Carolinas HealthCare System
Cancer Care
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Esophageal Cancer Treatment

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For more information about our Esophageal Cancer program, call
980-442-2000 or 800-804-9376.

I would like to receive additional information from Levine Cancer Institute.

Our Surgical Expertise

A majority of patients with esophageal cancer require some form of surgery. The Levine Cancer Institute has been a pioneer in minimally-invasive surgery in treating esophageal cancer.  This approach is much less invasive and allows for a quicker recovery.  Our surgeons are often able to completely remove tumors with an esophagogastrectomy or esophagectomy (part of the esophagus and stomach are removed along with nearby lymph nodes). This involves removing part of the esophagus and bringing the stomach up to join the end of the esophagus.  Patients with more advanced cancers are offered chemotherapy and radiation first to shrink the tumor and increase the likelihood for a successful surgery.

A feeding tube can be placed prior to surgery if needed.  Often times, it becomes difficult to swallow depending on the degree of the cancer.  All patients will have a feeding tube after surgery to allow the esophagus to heal and rest until food is tolerated.

When a tumor cannot be surgically removed, our doctors use methods such as chemotherapy. Other treatments localized at the tumor site such as a stent can be used to keep the esophagus open.  A feeding tube also can be inserted temporarily in order to get nutrients.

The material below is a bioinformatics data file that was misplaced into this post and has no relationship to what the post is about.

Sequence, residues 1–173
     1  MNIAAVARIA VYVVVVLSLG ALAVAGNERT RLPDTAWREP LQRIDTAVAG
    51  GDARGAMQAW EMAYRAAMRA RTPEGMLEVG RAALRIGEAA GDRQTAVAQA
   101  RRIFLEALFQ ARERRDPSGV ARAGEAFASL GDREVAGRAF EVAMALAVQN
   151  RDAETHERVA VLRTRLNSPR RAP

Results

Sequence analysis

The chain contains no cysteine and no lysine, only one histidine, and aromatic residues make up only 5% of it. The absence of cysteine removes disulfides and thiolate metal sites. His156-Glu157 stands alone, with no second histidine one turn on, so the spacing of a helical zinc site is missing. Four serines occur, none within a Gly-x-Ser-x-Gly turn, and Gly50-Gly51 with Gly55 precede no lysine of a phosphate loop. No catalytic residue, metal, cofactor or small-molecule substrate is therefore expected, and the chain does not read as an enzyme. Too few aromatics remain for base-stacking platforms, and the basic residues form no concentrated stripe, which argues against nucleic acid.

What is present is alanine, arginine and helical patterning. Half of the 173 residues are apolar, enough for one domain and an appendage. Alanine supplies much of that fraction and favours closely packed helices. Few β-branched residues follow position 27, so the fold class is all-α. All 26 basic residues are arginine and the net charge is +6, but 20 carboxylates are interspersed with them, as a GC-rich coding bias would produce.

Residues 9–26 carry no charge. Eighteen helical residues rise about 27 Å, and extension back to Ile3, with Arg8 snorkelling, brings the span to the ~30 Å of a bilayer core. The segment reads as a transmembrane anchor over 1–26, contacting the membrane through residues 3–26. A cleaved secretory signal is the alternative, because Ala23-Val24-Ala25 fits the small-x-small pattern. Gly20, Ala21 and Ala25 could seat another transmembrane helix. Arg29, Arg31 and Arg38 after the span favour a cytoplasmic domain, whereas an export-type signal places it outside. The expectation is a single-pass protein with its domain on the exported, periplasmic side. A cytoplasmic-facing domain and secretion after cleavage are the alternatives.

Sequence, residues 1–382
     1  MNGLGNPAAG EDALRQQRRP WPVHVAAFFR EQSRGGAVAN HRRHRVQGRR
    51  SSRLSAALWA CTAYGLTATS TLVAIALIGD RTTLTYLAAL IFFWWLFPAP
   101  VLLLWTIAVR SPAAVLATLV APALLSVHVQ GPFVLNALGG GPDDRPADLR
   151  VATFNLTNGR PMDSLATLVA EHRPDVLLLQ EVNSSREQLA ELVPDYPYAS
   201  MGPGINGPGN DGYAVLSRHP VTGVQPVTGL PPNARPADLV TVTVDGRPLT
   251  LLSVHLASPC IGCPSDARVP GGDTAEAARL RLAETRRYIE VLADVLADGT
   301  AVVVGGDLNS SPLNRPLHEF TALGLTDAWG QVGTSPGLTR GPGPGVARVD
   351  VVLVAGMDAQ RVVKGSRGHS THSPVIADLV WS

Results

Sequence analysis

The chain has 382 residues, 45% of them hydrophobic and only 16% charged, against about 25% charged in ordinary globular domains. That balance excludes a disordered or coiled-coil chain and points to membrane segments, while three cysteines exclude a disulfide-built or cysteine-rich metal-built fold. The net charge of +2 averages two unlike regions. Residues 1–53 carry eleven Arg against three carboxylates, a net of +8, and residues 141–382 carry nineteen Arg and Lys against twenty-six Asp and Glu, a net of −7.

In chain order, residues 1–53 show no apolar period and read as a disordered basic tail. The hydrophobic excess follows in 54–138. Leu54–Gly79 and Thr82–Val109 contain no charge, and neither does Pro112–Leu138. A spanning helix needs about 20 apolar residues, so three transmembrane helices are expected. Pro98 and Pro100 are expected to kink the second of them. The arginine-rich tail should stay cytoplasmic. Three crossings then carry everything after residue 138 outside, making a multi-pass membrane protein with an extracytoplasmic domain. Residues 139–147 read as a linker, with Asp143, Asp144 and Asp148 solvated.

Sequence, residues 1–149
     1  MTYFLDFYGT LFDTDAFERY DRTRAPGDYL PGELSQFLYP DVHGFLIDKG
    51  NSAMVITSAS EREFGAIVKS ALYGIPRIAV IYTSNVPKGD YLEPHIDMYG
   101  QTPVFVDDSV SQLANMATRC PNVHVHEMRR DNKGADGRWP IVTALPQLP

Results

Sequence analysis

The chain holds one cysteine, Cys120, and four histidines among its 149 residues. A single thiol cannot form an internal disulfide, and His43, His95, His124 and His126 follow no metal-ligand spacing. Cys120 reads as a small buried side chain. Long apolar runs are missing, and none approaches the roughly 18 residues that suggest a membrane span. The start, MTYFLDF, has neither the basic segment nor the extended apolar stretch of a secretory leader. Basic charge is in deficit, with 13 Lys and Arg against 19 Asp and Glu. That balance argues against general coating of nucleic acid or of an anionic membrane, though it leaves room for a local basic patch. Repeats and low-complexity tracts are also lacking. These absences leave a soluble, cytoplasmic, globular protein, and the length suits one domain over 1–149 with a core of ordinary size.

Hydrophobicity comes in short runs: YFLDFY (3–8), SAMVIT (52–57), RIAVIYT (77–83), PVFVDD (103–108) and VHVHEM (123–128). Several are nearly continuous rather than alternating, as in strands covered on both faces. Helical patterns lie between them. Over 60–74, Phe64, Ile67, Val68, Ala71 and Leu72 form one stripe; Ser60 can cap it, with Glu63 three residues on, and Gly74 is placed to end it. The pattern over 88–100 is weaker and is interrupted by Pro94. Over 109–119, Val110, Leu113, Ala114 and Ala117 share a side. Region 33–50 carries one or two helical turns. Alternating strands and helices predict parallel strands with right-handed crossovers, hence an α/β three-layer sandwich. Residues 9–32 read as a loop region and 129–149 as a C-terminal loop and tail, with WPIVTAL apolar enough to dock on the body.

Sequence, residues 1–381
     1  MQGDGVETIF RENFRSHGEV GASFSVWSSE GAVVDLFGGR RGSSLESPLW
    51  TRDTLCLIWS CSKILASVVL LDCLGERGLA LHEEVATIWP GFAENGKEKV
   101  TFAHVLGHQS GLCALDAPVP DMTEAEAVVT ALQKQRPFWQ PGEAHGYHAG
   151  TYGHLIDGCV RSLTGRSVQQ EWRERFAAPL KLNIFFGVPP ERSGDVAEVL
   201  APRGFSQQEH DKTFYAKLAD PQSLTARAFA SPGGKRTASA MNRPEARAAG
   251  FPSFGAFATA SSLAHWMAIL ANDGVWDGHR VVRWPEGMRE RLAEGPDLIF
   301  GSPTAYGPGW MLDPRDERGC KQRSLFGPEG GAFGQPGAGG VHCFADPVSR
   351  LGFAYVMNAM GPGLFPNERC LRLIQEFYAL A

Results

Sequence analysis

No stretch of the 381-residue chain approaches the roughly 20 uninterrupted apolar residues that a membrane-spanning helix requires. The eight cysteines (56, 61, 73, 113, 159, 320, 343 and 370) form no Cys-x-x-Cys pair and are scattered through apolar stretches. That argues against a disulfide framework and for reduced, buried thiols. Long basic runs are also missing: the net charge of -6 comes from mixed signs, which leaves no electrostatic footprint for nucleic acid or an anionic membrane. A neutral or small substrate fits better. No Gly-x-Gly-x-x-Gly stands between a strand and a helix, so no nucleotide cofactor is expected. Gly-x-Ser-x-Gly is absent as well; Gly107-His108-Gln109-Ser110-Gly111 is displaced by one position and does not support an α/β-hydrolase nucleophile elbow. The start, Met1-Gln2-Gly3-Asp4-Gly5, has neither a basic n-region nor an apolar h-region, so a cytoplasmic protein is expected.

Multimodal Therapies

For patients with esophageal cancer, we offer combined-modality treatments using chemotherapy plus radiation therapy (known as chemoradiation) followed by surgery. For patients with more advanced disease, chemotherapy and radiation therapy is usually the primary treatment.

Our doctors continue to evaluate new chemotherapy agents and drug combinations to treat patients with esophageal cancer. Chemotherapy may be given before surgery (in a process known as neoadjuvant therapy) to shrink the tumor (usually in combination with radiation therapy), or it may be given after surgery (known as adjuvant therapy) in an attempt to reduce the risk of cancer recurrence. When given alone or in combination with radiation therapy, chemotherapy also may help relieve symptoms related to esophageal cancer.

The Levine Cancer Institute has a bi-monthly multispecialty GI Tumor Planning Conference for treatment planning.  A group of physicians including surgeons, medical oncologists, radiation oncologists, gastroenterologists, and radiologists meet to discuss various recommendations regarding patient outcomes and what the best plan of care would be.

For more information on our Esophageal Cancer program, call 980-442-2000 or 800-804-9376.

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